On Sundays, Mother would take my by streetcar to Kansas City and leave me with my grandparents for a few hours while she went to the movies. Mother loved motion pictures, and sitting there in the dark, she vowed that one day she would do something--perhaps write for them. On one of those Sundays, my father made a surprise visit to the Owens house and saw me, his daughter, for the first time. His reunion with Mother was not a happy one. Eddins pleaded with her to take him back, promising that his wandering days were over. Lela [Ginger's mother] knew his promises were empty, and so refused. She told him that as soon as she had the money for a lawyer, she would seek a divorce. Chastened, my father left and, for a while, dropped out of site.
While Ginger's mother was working one day as a secretary, she noticed that Ginger, who was then nearly one year old, was no longer playing in the yard. She contacted a policeman, looked many placed, but could not find the girl. Ginger Rogers, Ginger, pages 4-6:
Mother left the station and, in a daze, boarded a streetcar for Kansas City. She sat down and began to pray. Crying and praying for the entire journey, she reached Kansas City and got off the streetcar in the center of the city... Aimlessly she wandered down the main street... She drifted into an office building and into its iron-cage elevator. The buzzer sounded, the attendant closed the door, and the elevator began to ascend. It arrived at the third floor and Lela saw a sign on a translucent glass door that read "Dr. Tutt." In a half-moon under his name were printed the words "Christian Science Practitioner, C.S.B." Sobbing, she walked to the door, opened it, and stood there, still unable to control her emotion. A kind-looking gentleman opened an inner door and, seeing the agony of this young stranger, said, "May I help you?"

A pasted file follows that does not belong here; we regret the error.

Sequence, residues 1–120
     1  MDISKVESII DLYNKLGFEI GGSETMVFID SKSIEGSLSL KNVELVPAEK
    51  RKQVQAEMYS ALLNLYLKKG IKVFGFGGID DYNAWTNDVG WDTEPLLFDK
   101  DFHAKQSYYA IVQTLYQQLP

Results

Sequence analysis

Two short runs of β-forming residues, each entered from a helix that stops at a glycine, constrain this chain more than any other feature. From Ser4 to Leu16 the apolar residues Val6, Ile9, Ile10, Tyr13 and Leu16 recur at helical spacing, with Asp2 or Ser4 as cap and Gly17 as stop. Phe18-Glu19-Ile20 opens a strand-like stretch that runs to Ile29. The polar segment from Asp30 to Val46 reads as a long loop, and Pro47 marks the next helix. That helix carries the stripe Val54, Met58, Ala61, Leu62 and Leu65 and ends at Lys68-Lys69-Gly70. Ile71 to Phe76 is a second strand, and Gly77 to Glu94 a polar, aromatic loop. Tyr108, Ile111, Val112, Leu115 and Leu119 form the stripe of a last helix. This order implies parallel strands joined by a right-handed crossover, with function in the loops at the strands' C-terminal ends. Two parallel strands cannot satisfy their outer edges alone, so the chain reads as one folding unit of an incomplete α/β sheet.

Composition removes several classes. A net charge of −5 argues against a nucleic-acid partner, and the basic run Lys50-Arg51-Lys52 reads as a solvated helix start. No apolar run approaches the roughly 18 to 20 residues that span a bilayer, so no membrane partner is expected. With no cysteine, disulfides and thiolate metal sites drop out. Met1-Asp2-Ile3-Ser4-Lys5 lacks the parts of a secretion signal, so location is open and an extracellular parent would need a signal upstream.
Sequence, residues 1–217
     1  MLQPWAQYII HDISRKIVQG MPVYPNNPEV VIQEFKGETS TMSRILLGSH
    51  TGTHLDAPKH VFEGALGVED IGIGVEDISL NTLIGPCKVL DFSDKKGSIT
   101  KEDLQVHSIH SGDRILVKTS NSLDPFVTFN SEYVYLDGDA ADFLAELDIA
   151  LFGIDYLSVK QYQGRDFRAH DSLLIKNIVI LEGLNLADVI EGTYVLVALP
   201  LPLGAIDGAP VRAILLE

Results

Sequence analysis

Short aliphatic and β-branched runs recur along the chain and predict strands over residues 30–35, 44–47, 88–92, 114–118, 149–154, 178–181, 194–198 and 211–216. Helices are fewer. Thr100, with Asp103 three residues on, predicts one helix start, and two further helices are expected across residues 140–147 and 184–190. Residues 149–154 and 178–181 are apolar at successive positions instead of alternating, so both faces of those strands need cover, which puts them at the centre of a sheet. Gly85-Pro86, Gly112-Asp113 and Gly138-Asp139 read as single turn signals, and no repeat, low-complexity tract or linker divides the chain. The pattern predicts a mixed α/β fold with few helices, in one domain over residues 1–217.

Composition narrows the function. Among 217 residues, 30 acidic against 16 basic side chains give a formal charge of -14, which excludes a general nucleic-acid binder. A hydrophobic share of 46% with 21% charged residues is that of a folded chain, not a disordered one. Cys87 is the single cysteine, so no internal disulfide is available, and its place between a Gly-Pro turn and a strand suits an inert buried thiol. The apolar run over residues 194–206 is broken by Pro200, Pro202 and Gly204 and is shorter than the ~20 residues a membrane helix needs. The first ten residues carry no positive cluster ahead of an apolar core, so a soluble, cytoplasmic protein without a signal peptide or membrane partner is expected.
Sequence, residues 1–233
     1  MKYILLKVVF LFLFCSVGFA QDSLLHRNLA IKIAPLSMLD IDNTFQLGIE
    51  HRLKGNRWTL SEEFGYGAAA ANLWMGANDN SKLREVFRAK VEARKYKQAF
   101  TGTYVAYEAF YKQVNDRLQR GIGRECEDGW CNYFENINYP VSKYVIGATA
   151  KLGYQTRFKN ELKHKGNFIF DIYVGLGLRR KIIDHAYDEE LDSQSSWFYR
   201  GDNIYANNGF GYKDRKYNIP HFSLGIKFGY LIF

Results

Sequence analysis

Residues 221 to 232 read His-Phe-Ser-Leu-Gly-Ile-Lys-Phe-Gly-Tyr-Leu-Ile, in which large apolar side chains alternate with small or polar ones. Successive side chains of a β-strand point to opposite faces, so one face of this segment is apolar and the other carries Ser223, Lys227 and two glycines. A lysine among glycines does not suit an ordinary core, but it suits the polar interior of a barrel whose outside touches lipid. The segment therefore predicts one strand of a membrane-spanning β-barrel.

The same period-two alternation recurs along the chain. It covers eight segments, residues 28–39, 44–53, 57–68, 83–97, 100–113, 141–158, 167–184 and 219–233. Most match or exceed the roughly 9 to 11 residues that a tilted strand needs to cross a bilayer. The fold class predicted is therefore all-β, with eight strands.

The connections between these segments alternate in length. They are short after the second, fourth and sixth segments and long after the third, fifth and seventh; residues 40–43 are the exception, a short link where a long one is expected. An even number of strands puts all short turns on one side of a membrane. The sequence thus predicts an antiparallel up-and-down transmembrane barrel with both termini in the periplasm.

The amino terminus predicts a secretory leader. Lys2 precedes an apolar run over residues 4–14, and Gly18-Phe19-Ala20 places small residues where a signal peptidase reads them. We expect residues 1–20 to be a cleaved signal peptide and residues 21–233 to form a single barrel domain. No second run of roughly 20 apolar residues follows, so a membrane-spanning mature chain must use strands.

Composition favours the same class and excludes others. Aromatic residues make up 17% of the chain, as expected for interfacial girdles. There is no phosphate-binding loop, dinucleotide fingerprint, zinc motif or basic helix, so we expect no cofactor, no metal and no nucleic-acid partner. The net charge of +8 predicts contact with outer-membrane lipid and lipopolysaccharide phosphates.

Something about his warm and loving tone touched my mother and she poured out her story. "Can you help me?" she cried. Dr. John Tutt said that he could and would. He sat with her and talked quietly about what God does for man. Words of encouragement issued from his lips. He explained that there is nothing lost in God's Kingdom and to believe Him capable of evil was to dishonor God! He asked if Lela had any acquaintance with Christian Science. And, in fact, she did. Eddins's mother, Louisa, was a Christian Scientist and, long before I was born, she had given Lela a copy of Science and Health with Key to the Scriptures by Mary Baker Eddy. [Eddins was Ginger Rogers' father.] Lela used to take the book back and forth to work. In order to read it on the streetcar, she covered the binding with a newspaper, for at the time there was much bigotry against the new religion, for at the time there was much bigotry against the new religion--even within families, which Lela discovered firsthand. One evening, when Eddins was away, Lela spent the night at her parents' home and inadvertently left Mrs. Eddy's book on the bedside tabl. My grandmother found it and threw it into the furnace. Lela was very upset. "Mother, that was a gift. How could you do that?"